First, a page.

The foregoing discussion discloses and describes merely exemplary methods and embodiments of the present invention. As will be understood by those familiar with the art, the invention may be embodied in other specific forms without departing from the spirit or essential characteristics thereof. Accordingly, the disclosure of the present invention is intended to be illustrative, but not limiting, of the scope of the invention, which is set forth in the following claims.
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|U.S. Classification||455/503, 455/422.1, 455/416, 455/41.2, 455/556.1, 370/338, 455/11.1, 455/518, 455/414.1|
|International Classification||H04H20/00, H04W74/00, H04W8/26, H04W48/08, H04W60/00, H04L12/28|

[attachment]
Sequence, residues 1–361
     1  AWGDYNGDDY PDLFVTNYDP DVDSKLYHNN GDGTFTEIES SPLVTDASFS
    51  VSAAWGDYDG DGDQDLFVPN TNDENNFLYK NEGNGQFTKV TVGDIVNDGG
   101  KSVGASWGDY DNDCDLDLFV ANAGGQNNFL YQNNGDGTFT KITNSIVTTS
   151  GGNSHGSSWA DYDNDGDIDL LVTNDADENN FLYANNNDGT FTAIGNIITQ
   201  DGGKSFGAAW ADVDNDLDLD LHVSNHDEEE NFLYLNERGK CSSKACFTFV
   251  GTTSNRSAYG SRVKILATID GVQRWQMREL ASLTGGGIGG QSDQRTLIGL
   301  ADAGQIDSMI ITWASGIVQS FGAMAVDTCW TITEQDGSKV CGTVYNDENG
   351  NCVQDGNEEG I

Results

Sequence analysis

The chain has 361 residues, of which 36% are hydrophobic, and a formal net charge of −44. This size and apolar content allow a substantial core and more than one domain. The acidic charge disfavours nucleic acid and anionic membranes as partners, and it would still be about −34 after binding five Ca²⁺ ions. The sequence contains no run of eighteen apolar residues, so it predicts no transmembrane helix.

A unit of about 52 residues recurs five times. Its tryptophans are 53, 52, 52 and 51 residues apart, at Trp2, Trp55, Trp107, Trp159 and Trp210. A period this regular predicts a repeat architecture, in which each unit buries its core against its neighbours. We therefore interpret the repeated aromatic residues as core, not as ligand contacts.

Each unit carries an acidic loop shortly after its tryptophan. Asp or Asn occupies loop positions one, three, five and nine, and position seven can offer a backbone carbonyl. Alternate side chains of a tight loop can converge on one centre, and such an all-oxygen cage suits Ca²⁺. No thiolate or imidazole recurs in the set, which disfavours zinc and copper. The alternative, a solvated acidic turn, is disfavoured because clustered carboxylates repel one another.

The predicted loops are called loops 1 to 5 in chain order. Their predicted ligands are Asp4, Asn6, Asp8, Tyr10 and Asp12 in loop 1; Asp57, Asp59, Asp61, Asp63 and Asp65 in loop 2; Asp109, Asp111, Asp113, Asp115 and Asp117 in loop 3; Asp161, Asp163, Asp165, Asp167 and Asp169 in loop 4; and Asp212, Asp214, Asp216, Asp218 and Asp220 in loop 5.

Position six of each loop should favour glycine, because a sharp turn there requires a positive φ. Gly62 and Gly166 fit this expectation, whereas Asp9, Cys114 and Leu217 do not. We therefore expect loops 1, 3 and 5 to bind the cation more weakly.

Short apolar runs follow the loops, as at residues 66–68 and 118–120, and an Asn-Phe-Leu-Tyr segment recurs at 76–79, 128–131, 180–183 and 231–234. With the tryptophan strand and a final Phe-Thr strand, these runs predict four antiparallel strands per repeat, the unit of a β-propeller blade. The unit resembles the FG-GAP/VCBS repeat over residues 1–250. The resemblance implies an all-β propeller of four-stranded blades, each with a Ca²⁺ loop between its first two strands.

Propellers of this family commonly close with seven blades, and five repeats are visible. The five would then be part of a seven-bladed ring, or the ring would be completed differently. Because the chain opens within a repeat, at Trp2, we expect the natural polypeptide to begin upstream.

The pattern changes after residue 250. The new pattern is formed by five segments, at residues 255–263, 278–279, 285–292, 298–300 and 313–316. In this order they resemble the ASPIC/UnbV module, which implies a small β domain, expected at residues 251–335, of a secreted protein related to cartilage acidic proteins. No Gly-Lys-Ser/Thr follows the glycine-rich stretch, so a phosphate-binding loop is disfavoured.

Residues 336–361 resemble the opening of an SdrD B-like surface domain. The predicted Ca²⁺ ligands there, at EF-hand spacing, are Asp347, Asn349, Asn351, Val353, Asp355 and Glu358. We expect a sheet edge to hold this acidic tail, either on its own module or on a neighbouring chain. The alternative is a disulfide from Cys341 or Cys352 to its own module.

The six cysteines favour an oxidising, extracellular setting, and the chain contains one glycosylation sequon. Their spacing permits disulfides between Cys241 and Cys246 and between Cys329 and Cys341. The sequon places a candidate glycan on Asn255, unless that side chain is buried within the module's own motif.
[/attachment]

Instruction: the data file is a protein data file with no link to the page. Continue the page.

|Cooperative Classification||H04W74/006, H04W60/00, H04W8/26, H04W48/08|
|Apr 11, 2002||AS||Assignment|
Owner name: HEWLETT-PACKARD COMPANY, COLORADO
Free format text: ASSIGNMENT OF ASSIGNORS INTEREST;ASSIGNOR:ASAKAWA, STUART D.;REEL/FRAME:012805/0523
Effective date: 20010807
|Sep 30, 2003||AS||Assignment|
Owner name: HEWLETT-PACKARD DEVELOPMENT COMPANY L.P.,TEXAS
Free format text: ASSIGNMENT OF ASSIGNORS INTEREST;ASSIGNOR:HEWLETT-PACKARD COMPANY;REEL/FRAME:014061/0492
Effective date: 20030926
|Mar 27, 2009||FPAY||Fee payment|
Year of fee payment: 4
|Feb 26, 2013||FPAY||Fee payment|
Year of fee payment: 8